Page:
Prof Barry Halliwell honoured as a 2021 Citation Laureate
Professor Barry Halliwell, Senior Advisor (Academic Appointments and Research Excellence), NUS Office of the Senior Deputy President and Provost, has been conferred Citation Laureate for 2021. The distinction is awarded by information and insights company Clarivate to researchers whose work has been deemed to be of “Nobel Class” as they are among the most highly cited and influential, even transformative, in their fields.
Prof Halliwell, who is also Distinguished Professor at NUS Biochemistry, was one of only three named in the category of Chemistry. He was cited for pioneering research in free-radical chemistry, including the role of free radicals and antioxidants in human disease. His interest in identifying the most important antioxidants in the human diet, and in developing novel antioxidants, has critical bearing on treating human diseases, and understanding how diet might cause or prevent them. His current work focuses on novel agents to prevent and treat dementia.
“I am very honoured to receive this recognition on the impact of my 20 plus years of work at NUS. I am particularly proud to receive it for Chemistry, since a fundamental grasp of the chemistry of free radicals and antioxidants is essential to understanding their role in food, nutrition, human health and diseases,” said Prof Halliwell. He is also the Chair of the Biomedical Advisory Council, Agency for Science, Technology and Research.
Prof Halliwell is one of 16 scientists around the world listed in the Hall of Citation Laureates this year. In 2019, Professor Artur Ekert of the Centre for Quantum Technologies and Department of Physics at NUS was honoured as a Citation Laureate for his contributions to quantum computation and quantum cryptography.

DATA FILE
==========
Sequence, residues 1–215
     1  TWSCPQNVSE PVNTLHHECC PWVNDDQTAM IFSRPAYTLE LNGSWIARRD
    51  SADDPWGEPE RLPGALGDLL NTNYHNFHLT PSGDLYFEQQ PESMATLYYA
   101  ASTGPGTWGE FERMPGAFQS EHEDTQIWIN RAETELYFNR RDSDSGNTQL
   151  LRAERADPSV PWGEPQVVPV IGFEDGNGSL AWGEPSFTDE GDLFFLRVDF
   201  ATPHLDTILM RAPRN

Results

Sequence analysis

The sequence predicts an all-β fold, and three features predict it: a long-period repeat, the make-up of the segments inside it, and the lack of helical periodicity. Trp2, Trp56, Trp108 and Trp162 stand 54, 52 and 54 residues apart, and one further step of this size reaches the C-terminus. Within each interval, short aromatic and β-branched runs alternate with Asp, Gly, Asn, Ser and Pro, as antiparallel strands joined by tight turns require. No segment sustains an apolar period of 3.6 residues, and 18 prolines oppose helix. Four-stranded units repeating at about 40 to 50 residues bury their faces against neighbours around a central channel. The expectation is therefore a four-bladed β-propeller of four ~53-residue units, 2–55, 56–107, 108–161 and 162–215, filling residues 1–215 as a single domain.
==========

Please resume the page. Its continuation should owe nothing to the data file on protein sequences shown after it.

Citation Laureate candidates are selected from authors of the 0.01 per cent of some 52 million articles and proceedings that have been cited 2,000 times or more. As Nobel Prizes in scientific disciplines are awarded to researchers who have exceptionally high impacts on their fields, such citation rates are often good leading indicators of future winners. Since the creation of Citation Laureates in 2002, 59 of them have gone on to receive a Nobel Prize.
Mr Joel Haspel, Senior Vice President, Strategy, Science Group at Clarivate said, “This year’s Citation Laureates have pioneered some of the most important research of our time, accelerating our understanding of subjects as varied as free radicals, virus identification and financial crises. It is because of their foundational work that the pace of innovation in drug development, economic theory and entrepreneurship can continue to progress. We are delighted to recognise and celebrate their enormous achievements, demonstrating that their citation records reflect their influence on their colleagues, research fields and society as a whole.”